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Google unable to detect adware-infected Android apps in Play store

If you want to steer clear of malware on Android, just stick to Google Play. I am sure you have heard this line before. And it makes sense, if you think about it, as Google subjects apps to security checks prior to approving them. So, it makes sense to hand out that piece of advice whenever new Android malware is discovered in the wild. But what if the malicious bits are found in Google Play itself? A change of tune is in order.

Security firm Avast details (opens in new tab) how three popular, seemingly harmless Android apps -- but, riddled with adware -- have been tricking users into visiting unwanted sites, installing other apps, to fix different non-existent issues, like fake malware infections, porn-filled storage (though, I have to say, it is far from an unlikely scenario, in some cases) and so on.

Of course, following Avast's report, Google has pulled those three titles from Play. But, that doesn't mean that these titles have stopped affecting users -- and there are plenty of them!

The most popular app of the bunch is a card game called Durak, which had between five and 10 million installs since December (opens in new tab). The other two are an IQ test and Russian history app. Here's a more detailed explanation of how they work.

Avast says that the adware doesn't surface immediately after the apps are installed. Their developers have designed them so that users cannot tell which app is the culprit, making the origin harder to isolate, as the first signs only appear after a couple of days -- Avast adds that these apps may "wait up to 30 days until they show their true colors". Clever, isn't it?

When the adware surfaces, users are redirected to fishy sites, advised to install risky apps -- like apps that collect lots of personal information or send premium SMS messages without them knowing -- and even legitimate security tools from Google Play!

Avast says that "Even if you install the security apps, the undesirable ads popping up on your phone don‘t stop", noting that "most people will trust that there is a problem that can be solved with one of the apps advertised 'solutions' and will follow the recommended steps, which may lead to an investment into unwanted apps from untrusted sources". That's certainly possible, given that people don't consider Google Play a safe haven for malicious apps.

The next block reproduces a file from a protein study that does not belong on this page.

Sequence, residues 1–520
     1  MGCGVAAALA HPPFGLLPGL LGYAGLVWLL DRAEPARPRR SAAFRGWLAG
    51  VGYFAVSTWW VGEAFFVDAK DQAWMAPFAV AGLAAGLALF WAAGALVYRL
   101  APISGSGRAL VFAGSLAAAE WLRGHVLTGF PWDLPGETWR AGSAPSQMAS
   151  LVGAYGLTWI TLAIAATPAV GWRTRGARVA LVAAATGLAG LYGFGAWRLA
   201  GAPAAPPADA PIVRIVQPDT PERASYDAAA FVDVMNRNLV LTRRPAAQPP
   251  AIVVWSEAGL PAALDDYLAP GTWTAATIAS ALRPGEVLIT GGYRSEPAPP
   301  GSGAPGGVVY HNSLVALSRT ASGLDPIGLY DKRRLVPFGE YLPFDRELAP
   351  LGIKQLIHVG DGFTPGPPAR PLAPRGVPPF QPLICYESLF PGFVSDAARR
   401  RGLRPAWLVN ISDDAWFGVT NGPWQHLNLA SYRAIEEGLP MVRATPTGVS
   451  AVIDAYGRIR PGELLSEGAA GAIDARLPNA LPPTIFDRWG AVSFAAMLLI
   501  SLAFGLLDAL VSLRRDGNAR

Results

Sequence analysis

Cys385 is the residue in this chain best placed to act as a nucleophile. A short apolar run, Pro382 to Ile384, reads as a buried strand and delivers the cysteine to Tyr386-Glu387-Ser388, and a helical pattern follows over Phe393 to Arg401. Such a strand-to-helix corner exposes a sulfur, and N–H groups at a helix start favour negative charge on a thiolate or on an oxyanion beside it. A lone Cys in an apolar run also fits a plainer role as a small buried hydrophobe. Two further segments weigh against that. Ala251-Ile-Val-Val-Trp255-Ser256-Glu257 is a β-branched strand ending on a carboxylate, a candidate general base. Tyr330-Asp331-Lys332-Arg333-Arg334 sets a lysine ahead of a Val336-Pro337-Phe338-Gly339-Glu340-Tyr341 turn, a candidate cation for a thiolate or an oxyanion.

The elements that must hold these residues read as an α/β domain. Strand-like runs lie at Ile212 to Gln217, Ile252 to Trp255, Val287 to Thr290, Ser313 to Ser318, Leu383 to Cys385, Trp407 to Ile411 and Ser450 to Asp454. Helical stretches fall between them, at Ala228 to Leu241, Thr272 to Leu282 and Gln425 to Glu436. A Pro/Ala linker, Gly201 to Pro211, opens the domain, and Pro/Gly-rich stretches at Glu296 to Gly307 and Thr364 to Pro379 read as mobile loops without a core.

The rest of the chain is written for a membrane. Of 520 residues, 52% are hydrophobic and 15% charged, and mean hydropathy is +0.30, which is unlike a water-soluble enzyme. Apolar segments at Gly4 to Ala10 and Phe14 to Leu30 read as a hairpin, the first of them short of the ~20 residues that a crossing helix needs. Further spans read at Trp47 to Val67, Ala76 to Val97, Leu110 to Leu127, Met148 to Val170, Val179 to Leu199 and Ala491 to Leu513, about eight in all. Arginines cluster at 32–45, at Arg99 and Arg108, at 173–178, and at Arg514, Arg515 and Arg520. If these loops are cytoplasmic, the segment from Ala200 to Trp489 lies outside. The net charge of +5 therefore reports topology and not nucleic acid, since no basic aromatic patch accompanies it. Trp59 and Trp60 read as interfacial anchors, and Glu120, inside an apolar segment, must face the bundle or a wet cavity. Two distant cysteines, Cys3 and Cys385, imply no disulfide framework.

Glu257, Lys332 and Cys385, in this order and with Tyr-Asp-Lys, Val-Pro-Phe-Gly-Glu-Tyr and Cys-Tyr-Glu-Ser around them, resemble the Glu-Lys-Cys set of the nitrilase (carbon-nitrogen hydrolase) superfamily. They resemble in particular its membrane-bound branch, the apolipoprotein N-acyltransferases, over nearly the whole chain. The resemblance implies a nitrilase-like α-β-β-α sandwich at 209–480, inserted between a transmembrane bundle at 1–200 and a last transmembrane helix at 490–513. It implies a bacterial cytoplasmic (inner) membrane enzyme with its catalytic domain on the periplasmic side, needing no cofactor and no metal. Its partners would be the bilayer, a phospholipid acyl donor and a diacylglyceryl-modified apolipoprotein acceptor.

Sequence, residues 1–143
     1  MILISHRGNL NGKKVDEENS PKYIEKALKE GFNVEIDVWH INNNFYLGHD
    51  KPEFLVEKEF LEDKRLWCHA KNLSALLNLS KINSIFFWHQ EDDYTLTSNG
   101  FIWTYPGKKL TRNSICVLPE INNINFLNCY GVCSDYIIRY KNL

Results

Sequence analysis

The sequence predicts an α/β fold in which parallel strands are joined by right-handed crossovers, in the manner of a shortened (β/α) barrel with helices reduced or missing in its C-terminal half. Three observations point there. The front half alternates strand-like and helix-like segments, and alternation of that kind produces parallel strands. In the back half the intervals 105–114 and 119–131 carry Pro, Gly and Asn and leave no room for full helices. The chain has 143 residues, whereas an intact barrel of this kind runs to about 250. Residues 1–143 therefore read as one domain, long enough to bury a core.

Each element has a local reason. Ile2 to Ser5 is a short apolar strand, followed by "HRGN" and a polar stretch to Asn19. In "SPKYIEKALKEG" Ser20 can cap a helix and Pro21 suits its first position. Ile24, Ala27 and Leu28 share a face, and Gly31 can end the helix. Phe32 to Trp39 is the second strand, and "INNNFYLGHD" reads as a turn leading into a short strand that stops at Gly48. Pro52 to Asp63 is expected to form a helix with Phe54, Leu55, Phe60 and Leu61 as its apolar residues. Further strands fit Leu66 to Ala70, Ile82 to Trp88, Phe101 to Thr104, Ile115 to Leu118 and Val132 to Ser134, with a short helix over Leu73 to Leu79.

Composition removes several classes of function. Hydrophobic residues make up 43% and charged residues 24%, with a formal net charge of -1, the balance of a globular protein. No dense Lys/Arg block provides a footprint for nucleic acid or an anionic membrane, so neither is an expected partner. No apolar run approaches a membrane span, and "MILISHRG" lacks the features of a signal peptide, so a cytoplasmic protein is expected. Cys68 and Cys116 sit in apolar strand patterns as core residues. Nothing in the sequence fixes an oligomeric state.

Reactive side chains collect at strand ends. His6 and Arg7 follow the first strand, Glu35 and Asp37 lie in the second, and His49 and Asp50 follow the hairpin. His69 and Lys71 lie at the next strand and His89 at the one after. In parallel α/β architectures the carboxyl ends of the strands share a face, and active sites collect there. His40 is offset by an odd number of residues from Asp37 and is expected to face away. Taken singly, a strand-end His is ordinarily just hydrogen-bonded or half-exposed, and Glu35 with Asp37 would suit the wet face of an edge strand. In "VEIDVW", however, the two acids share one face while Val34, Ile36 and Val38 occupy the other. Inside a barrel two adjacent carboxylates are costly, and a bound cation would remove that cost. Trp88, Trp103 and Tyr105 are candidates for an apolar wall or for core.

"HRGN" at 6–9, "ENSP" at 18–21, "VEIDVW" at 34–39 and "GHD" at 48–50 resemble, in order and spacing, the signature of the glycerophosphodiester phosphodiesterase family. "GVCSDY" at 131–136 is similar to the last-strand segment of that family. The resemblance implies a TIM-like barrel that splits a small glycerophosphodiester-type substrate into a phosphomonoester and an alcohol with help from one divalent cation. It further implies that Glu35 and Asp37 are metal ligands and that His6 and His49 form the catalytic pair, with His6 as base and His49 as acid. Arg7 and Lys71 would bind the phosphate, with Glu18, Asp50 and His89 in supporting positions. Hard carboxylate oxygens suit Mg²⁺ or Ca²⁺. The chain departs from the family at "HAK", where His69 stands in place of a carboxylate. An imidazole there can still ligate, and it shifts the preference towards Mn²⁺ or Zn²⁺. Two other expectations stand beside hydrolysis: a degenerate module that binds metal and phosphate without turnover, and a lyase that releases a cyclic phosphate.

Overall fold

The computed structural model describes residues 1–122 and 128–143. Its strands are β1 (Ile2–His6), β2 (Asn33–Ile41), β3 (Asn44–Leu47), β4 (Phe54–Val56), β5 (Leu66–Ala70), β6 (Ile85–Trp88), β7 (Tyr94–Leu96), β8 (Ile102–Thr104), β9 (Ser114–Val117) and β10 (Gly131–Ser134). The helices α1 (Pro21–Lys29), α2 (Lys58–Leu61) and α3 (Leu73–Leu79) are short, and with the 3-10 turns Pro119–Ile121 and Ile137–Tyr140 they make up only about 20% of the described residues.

Every once in a while I see similar messages on some sites I visit (not malware-ridden, mind you -- the messages surface from prominent ad banners, making the message appear more credible given a site's reputation), but, knowing why they are displayed, I ignore them.

Also, it is possible to get redirects to sites that look just like an app's Google Play landing page -- don't make the mistake of falling into the trap of downloading it; to stay safe, don't enable sideloading (also known as "Unknown sources" in Android settings) unless you need to do so.

But, back to the three apps in question, what I find most worrying is that Google has been totally and utterly useless at spotting those adware-riddled apps for months. And they could have gone unnoticed for longer, if not for Avast bothering to check a report from one of its users.

Obviously, things can be improved by employing more stringent rules, using more capable tools for checking apps, or hiring actual people that check every single app thoroughly (right now, the process of approving an app is automated) before giving the green light. Google can do better, and it has to if it wants its customers to truly feel safe using its app store.

Photo credit: wk1003mike (opens in new tab) / Shutterstock (opens in new tab)